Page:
A grand mal seizure — also known as a tonic-clonic seizure — features a loss of consciousness and violent muscle contractions. It's the type of seizure most people picture when they think about seizures in general.
Grand mal seizure is caused by abnormal electrical activity throughout the brain. In some cases, this type of seizure is triggered by other health problems, such as extremely low blood sugar or a stroke. However, most of the time grand mal seizure is caused by epilepsy.
Many people who have a grand mal seizure will never have another one. However, some people need daily anti-seizure medications to control grand mal seizure.
Grand mal seizures have two stages.
- Tonic phase. Loss of consciousness occurs, and the muscles suddenly contract and cause the person to fall down. This phase tends to last about 10 to 20 seconds.
- Clonic phase. The muscles go into rhythmic contractions, alternately flexing and relaxing. Convulsions usually last for less than two minutes.
The following signs and symptoms occur in some but not all people with grand mal seizures.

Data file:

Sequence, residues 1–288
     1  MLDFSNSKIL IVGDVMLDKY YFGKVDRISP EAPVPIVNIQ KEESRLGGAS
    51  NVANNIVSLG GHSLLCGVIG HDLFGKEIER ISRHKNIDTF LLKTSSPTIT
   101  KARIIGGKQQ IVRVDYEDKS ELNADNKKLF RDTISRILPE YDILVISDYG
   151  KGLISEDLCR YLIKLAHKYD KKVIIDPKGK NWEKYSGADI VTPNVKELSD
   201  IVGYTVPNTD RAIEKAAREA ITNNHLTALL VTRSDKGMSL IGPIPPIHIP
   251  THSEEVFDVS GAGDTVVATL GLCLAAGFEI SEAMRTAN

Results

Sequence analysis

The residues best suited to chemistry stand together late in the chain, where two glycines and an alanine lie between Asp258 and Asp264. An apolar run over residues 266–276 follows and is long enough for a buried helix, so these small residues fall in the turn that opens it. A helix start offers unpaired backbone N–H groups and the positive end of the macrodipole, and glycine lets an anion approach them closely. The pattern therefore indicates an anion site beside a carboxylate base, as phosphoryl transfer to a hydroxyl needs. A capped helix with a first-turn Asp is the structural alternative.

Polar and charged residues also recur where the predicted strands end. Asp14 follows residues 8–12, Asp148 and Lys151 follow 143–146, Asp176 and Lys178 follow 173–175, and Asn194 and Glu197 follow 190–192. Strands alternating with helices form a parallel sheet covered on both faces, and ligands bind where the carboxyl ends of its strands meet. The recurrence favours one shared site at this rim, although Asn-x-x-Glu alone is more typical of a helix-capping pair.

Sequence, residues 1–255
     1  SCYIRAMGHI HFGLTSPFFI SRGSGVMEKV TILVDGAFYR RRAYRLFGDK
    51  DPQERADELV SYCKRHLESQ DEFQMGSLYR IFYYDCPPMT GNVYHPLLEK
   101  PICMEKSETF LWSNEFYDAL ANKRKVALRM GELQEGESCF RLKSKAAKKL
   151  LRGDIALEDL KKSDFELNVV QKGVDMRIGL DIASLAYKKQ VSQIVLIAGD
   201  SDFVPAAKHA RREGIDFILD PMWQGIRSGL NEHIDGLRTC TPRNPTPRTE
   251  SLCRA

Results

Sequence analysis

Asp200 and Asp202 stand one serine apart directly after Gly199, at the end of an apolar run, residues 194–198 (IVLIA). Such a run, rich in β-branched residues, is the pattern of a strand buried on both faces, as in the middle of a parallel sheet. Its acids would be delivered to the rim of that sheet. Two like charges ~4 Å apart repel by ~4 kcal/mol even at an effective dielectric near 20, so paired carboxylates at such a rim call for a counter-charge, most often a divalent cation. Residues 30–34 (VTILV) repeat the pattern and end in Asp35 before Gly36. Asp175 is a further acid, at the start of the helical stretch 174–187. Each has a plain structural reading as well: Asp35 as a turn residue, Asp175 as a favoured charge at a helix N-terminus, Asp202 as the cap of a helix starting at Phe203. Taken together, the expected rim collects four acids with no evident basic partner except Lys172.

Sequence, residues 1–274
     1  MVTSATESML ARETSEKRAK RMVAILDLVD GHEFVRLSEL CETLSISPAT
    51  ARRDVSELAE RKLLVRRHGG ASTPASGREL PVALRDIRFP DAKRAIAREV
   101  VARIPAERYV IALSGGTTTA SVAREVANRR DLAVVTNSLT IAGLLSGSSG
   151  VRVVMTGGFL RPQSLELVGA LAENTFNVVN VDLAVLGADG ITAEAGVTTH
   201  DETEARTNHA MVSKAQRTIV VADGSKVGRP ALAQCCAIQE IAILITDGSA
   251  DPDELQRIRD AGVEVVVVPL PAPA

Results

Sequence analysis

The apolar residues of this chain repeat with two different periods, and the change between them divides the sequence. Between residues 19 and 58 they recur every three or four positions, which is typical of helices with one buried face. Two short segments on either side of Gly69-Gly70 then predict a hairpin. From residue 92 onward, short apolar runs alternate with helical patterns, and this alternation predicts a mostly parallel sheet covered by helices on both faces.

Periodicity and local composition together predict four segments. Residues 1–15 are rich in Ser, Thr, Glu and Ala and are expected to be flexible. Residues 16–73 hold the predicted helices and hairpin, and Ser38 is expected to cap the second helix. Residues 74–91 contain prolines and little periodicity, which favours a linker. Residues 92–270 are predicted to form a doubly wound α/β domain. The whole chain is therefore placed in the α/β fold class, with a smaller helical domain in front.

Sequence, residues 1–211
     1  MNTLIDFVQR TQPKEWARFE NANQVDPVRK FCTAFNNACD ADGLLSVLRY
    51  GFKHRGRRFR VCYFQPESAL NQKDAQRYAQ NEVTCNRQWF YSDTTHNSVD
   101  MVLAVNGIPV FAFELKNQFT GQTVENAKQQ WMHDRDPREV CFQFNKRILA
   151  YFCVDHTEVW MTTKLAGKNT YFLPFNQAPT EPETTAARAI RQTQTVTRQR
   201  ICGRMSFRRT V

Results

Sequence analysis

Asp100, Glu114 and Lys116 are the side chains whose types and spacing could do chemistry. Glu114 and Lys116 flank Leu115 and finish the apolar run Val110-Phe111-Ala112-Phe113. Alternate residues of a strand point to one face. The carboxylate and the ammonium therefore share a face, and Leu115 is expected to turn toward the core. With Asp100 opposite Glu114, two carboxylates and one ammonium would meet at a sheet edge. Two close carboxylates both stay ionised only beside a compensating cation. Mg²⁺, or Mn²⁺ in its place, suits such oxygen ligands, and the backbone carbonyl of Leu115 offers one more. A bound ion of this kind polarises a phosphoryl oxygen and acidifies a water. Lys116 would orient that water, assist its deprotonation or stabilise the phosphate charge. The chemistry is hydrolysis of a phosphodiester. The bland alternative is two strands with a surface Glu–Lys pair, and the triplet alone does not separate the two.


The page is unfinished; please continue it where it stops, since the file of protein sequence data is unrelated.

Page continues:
- Aura. Some people experience a warning feeling (aura) before a grand mal seizure. This warning varies from person to person, but may include feeling a sense of unexplained dread, a strange smell or a feeling of numbness.
- A scream. Some people may cry out at the beginning of a seizure because the muscles around the vocal cords seize, forcing air out.
- Loss of bowel and bladder control. This may happen during or following a seizure.
- Unresponsiveness after convulsions. Unconsciousness may persist for several minutes after the convulsion has ended.
- Confusion. A period of disorientation often follows a grand mal seizure. This is referred to as postictal confusion.
- Fatigue. Sleepiness is common after a grand mal seizure.
- Severe headache. Headaches are common but not universal after grand mal seizures.
When to see a doctor
If you see someone having a seizure:
- Call for medical help.
- Gently roll the person onto one side and put something soft under his or her head.
- Loosen tight neckwear.
- Don't put anything in the mouth — the tongue can't be swallowed and objects placed in the mouth can be bitten or inhaled.
- Don't try to restrain the person.
- Look for a medical alert bracelet, which may indicate an emergency contact person and other information.
- Note how long the seizure lasts.
A grand mal seizure lasting more than five minutes, or immediately followed by a second seizure, should be considered a medical emergency in most people. If this happens, emergency care should be sought as quickly as possible.
Additionally, seek medical advice for you or your child:
- When the number of seizures experienced increases significantly without explanation
- When new signs or symptoms of seizures appear